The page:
Gartner raises concerns about martech utilisation: Do you stack up?

Latest analyst firm marketing technology survey shows utilisation of martech platforms has declined in the last two years. But just what does optimum usage for maximum ROI look like?

Marketers are utilising less martech platform capabilities on average than ever, with rates dropping 16 per cent to 42 per cent over the last two years, Gartner has found.

But even as the analyst firm raises concerns over underutilisation, another question is emerging: Just what does an optimum usage rate of martech platforms for maximum return on investment look like?

The latest Gartner 2022 Martech Survey: New Insights to Maximise ROI report surveyed 324 marketers over May and June 2022 to explore marketing technology acquisition, adoption and use. Two years on from the last report, the analyst firm found marketers utilising 42 per cent of the breadth of capabilities available in their marketing technology stack overall, down from 58 per cent in 2020.

Credit: Gartner

The lower utilisation rate was attributed to an overlap of features among martech solutions (30 per cent), difficult identifying and recruiting talent to drive adoption/ utilisation (28 per cent), and complexity or sprawl of the martech ecosystem (27 per cent).

Overall, CMOs reported allocating one-quarter of their entire marketing expense budgets to marketing technologies this year.

“Despite turbulent budgets in previous years and current economic headwinds, tech investments are a priority for CMOs and proving their ROI is more crucial than ever,” Gartner Marketing practice VP and analyst, Benjamin Bloom, commented. “Yet the challenges associated with martech underutilisation, such as new business models and disrupted customer journeys, are making it difficult for marketers to demonstrate technology’s value.”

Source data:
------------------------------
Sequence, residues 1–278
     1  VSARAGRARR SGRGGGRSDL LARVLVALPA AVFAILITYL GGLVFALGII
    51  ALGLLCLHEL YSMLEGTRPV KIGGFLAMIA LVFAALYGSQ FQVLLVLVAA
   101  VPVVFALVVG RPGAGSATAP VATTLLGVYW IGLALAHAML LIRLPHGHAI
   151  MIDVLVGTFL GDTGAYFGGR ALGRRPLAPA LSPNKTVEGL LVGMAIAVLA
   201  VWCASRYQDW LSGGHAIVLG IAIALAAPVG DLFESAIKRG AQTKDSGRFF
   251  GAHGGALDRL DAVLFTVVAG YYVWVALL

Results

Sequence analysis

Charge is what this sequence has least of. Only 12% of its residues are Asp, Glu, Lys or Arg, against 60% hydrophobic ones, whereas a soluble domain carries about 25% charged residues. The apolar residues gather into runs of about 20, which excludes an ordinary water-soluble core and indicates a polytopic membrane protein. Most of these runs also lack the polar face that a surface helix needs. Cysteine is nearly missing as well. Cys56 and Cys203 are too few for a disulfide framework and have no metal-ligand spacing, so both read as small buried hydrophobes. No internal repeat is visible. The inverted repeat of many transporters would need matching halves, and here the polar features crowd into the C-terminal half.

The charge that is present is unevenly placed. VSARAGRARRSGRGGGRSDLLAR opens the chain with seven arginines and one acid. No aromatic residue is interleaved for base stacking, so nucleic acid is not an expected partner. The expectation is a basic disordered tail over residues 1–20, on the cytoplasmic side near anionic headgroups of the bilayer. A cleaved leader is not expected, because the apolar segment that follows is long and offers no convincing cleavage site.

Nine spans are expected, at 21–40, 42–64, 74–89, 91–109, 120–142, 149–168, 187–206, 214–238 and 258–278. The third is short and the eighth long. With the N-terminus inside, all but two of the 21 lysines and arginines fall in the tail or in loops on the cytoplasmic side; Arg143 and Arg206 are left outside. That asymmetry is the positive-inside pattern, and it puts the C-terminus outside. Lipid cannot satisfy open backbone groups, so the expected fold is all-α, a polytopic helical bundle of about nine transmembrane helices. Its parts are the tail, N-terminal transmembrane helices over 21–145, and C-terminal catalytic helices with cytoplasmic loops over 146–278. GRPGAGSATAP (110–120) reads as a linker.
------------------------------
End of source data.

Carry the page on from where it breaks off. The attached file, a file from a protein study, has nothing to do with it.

Across marketing channels, nearly one in three respondents said they’ve deployed technology to support social commerce (32 per cent) and 30 per cent are piloting such solutions. Just over one in four (26 per cent) also said they’re deploying technology to support advertising in the metaverse, while a further 37 per cent are piloting related solutions. NFTs (non-fungible tokens) are also popular and 59 per cent of respondents are exploring or piloting technology to enable creation of these Web 3.0 tokens.

Another popular technology investment area is streaming audio and podcasting advertising: 25 per cent have deployed tech solutions for this purpose, and 66 per cent are exploring or piloting associated technologies.

“The fact that marketers are already leveraging technology to support emerging activities underscores their desire to outfox the competition and get a head start on controlling their own destinies in a world of more fallible identifiers,” said Bloom. 

Are you utilising your martech enough?

But while Gartner’s survey gives us an idea of what underutilisation looks like, is there in fact a standard utilisation rate of features marketing teams should be striving towards in order to achieve the best possible return on their martech investment?

In the former iteration of its martech survey, Gartner found CMOs utilising 70 per cent of their martech stack’s capabilities were achieving 20 per cent better marketing ROI than their peers. But when CMO asked other industry experts as part of our recent martech assessment investigation if there is a nominal percentage of features and functions use CMOs can use to gauge how well they’re utilising martech currently, most agree it isn’t that clear cut.